Payoffs of putting the patient in charge
If improving patients' health matters, and your organization's bottom line is top of mind, then the notion of patient engagement should catch your attention.
It’s a hot topic in today's world, as more and more clinical evidence underscoring the benefits of patient engagement catches the industry spotlight.
Chanin Wendling, director of the eHealth Department at Geisinger Health System, who will be leading a session on digital patient engagement on Tuesday, Feb. 25, from 8:30-9:30 a.m. in room 224A of the Orange County Convention Center at HIMSS14, said the numbers do the talking.
One of the most recent studies, for example, conducted by researchers at the University of Oregon, examined health engagement data on some 30,000 patients across 40 Minnesota-based primary care clinics. What they found was that those patients shown to have the lowest patient engagement levels cost from 8 percent to 21 percent more than the patients who were actively engaged in their health.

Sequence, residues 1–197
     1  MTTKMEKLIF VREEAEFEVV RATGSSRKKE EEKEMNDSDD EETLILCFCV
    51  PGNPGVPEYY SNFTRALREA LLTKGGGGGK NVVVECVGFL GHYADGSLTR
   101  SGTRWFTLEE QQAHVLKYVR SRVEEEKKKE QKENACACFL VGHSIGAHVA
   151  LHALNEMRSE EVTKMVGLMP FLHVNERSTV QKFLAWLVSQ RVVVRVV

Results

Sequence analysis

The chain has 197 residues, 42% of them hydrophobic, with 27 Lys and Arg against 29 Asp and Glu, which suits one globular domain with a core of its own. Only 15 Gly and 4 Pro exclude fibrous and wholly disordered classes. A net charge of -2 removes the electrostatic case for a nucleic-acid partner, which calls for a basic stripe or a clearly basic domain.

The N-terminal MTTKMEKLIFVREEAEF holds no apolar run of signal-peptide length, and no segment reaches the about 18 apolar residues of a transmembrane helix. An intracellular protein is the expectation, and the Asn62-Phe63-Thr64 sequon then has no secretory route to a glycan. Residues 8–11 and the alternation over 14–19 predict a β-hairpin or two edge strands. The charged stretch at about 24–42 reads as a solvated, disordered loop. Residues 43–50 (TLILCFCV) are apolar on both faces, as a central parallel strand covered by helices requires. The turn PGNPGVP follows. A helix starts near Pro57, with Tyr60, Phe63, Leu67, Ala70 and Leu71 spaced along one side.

"I can sit with a patient as a provider and tell them they need to stop smoking and that all of their health issues stem from the fact that they’re smoking, but I can't actually stop the smoking for the patients themselves," said Wendling. "I can get them counseling; I can send them to the appropriate resources, but the patient actually has to take steps themselves to be involved in their healthcare."
Wendling will also share some of the innovative ways Geisinger, a health system serving nearly 3 million people across Pennsylvania, has worked to spur digital patient engagement. We're talking utilizing text messaging, portals, iPads and touch screens to connect patients to their care.
"Unfortunately, providers have very little time with patients," added Wendling. So, "if you can get the patient to be actively involved in managing their conditions, life is better both from the patient health outcomes perspective as well as the cost to the system."